FIU students to march in movement with controversial title

Vinson Pressley//Staff Writer

When a student hears the phrase “slut walk,” the initial reaction may be shock or to take offense to the phrase. But, there is a purpose behind the words.

On April 3, the National Organization for Women at FIU will organize a “Slut Walk” to spread awareness about the many forms of violence against women. The walk will begin at 4:30 p.m. at the Graham Center Fountain at the Modesto A. Maidique Campus.

Gabriela Bonilla, president of NOW said the purpose of this event is to call to action an end to rape culture, victim blaming and sexual violence.

“We teach people ‘don’t get raped’ instead of ‘not to rape,’” Bonilla said.

Bonilla said the latter philosophy should be embraced, encouraging people not to rape or harm others; this philosophy differs because it holds the perpetrator accountable for their violent acts, not the victim; unfortunately, the latter philosophy is not always applied to survivors of traumatic experiences.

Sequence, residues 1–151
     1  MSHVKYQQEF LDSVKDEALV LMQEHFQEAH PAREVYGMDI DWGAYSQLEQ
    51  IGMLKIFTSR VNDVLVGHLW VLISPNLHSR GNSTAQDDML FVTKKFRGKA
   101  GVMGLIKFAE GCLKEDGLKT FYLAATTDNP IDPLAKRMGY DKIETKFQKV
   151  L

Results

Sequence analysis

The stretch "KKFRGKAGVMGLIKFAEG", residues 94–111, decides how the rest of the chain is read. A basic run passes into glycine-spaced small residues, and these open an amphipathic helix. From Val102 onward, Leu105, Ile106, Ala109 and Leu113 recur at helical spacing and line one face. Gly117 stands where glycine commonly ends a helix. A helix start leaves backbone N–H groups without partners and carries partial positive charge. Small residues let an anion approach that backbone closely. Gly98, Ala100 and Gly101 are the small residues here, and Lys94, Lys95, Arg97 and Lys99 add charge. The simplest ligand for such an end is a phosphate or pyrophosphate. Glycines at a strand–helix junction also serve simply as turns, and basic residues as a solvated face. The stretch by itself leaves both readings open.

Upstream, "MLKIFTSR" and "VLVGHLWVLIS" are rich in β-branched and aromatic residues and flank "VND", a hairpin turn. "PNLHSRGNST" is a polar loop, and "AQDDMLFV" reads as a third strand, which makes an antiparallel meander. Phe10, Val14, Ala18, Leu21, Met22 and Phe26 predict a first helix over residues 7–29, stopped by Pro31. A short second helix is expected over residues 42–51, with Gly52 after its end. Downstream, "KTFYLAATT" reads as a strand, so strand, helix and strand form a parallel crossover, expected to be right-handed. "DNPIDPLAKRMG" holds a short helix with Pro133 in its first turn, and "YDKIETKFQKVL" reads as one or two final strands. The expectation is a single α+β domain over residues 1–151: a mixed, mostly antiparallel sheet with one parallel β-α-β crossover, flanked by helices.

Bonilla said the name of the movement resulted from an incident where a member of the Toronto Police department said during a discussion with students that “women should avoid dressing like sluts in order not to be victimized.”

Some students find the practice of victim-blaming appalling and inappropriate.

“Doesn’t matter what you wear, doesn’t give [anyone] the right to sexually harass a person,” said Janina Ordonez, senior sociology major.

Sophomore social work major Yoannie Corbil said that society places the blame on the wrong person and the people who commit these acts are not held responsible for their actions.

“[There’s] a double standard in which women get usually blamed for a lot of things,” Corbil said.

Although Corbil is in favor of the movement, she is not a fan of the name “Slut Walk.”

Corbil said the title of the movement should have positive connotations and that they should not “stoop to the officer’s level.”

Sabrena O’Keefe, assistant director for the Center for Leadership and Service at Biscayne Bay Campus, said the title could be hurtful because it could evoke emotions, stereotypes or offend some people who hear initially hear the phrase “slut-walk.”

However, O’Keefe did say the title of the movement can also be helpful because since the term “slut” has the ability to grab attention and may urge people to ask for an explanation of why the movement has that title, opening the door to a dialogue and spreading awareness about violence against women.

The opinions of the title of the movement may vary, but the mission of the movement and organizations like NOW promote female empowerment and advocate against rape, sexual assault and domestic violence.